The 24 hour mean at KM for PM10 was exceeded on the 12–13th March, 2016. Comparison with national records reveal that this was a pollution episode in the UK attributed to low wind speeds and an influx of air containing high particles from Northern Europe. While the PM10 at LP does not exceed the daily limit it does show the highest measurements for the month of March in the same period.

Spatially resolved air pollution climatologies[edit]

The annual mean values for air pollution allow for comparison against national targets. NOx, O3, PM and meteorological data has all been collected at 1 minute time resolution and this is advantageous for data analysis as a more detailed climatology of air pollution can be constructed the local scale.

The hourly averaged time-series for parameters are shown in Figure 76 but these tend to only show synoptic / seasonal scale variability.

Higher O3 is seen in the spring/early summer at both sites, and this is typical for the UK. This behaviour is also seen for the High Muffles AURN site. There are also a few periods of high O3 in the summer months which are associated with high temperatures and anticylonic weather conditions.

From the time series it can be observed that there are times when the sites are affected by higher levels of pollution in the form of NO, NO2 and particles, visible in the spikes in Figure 76. The majority of the high NOx spikes seen in the data are due to local influence and a lot are due to vehicle movements on or near the site. These NOx spikes are also correlated with lower ozone, which is related to atmospheric chemistry; in the immediate vicinity of high NO emission, where O3 is lost in the reaction 1:

NO + O3 → NO2 + O2            Reaction 1

The NO2 and NOx measurements at LP have a large data gap in the summer period due to an instrument failure.

Figure 76    Annual time series at the KM site for (a) O3 (b) NO, NO2 and NOx (c)PM1, PM2.5, PM4, PM10 and PMTOTAL. © University of York, NCAS, 2017.

A more detailed analysis can be performed with minute-averaged data including detailed diurnal and source apportionment which are shown for each site individually.

Kirby misperton detailed analysis[edit]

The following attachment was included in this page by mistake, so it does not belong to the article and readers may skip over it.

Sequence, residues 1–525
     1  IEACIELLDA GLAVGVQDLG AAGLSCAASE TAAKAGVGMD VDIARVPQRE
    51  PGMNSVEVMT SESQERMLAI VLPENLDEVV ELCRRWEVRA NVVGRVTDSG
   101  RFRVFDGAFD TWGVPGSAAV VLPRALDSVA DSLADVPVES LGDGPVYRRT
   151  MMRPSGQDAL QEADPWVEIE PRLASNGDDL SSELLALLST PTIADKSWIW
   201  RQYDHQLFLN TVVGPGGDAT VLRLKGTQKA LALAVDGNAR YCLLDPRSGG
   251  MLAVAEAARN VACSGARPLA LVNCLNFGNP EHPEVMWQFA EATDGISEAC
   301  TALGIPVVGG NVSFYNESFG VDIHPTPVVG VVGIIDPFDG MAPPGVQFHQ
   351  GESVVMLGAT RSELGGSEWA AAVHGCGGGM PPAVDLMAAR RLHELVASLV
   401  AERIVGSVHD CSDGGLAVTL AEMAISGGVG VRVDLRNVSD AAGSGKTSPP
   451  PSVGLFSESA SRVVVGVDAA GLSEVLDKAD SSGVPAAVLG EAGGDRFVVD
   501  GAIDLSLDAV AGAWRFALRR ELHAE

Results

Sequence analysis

Metrics

To enable a full baseline climatology of air pollution to be established it is important to examine the influence of wind direction. Table 10 reports the annual means for pollutant measured under the Air Quality Directive whereas Table 17 reports those metrics by individual wind sector. The full list of 5th, 95th percentile, mean and median for all wind sectors is in Appendix 1 - Kirby Misperton air sector metrics. As is common in the UK Easterly and South easterly air mass are often the most polluted since these bring air often the SE of England and from continental Europe. The lowest concentrations of air pollution are typically observed during periods of westerly airflow.

Table 10    Annual means for each wind sector for KM site.
N NE E SE S SW W NW
O3 (ppb) 22.4 21.4 22.1 19.3 18.5 20.0 24.1 22.7
NO (ppb) 1.1 1.1 1.0 1.5 1.5 1.6 0.9 0.9
NO2 (ppb) 3.3 3.6 4.0 5.4 6.2 5.8 2.8 3.2
NOx (ppb) 4.4 4.7 5.1 6.8 7.7 7.4 3.7 4.2
PM2.5 (μm/m3) 7.4 9.2 12.8 13.3 12.3 7.6 6.1 3.9
PM10 (μm/m3) 10.4 12.6 16.9 17.0 15.6 10.9 8.7 6.4

Percentiles for all the AQ parameters are displayed in the wind roses in Seismicity and discussed more fully later in the report.

Diurnal variation of air pollution at KM (Figure 77)

The O3 diurnal is lowest at night and peaks just after midday, as expected in the general context of UK oxidative air chemistry; this is a combination of boundary layer height and photochemical production during the day and surface loss at night. However the NOx and PM display different diurnals cycles. The fact that these are different in shape is the first indication that the PM and NOx may have different sources at times. The NOx diurnal shows NO and NO2 increasing in the morning, which is probably due to the boundary layer height and local traffic sources. The relative distribution of NO to NO2 is balanced towards NO2 indicating that very close-by combustion sources are not dominating the local NOx.

The working week (Mon–Fri) is clear in the O3 and NOx measurements with NOx being highest during the week and decreasing in at the weekend, whereas O3 is highest on the weekend due to reduced titration from NO. Diurnal cycles for the in situ air quality parameters are shown in Figure 77. These could be from local traffic or as the site is already a conventional gas well it may be due to vehicles actually on site. These emissions all reduce on the weekend giving the O3 time to recover and increase.

Figure 77    Diurnal variations at KM8 for (a) O3 (b) NOx and (c) PM. © University of York, NCAS, 2017.

Hebdominal Cycles (Figure 78)

Figure 78    Hebdomadal cycles at KM8 for (a) O3, (b) NOx and (c) PM. © University of York, NCAS, 2017.

Annual cycles at KM (Figure 79)

Figure 79    Annual cycles at KM for (a) O3, (b) NOx and (c) PM. © University of York, NCAS, 2017.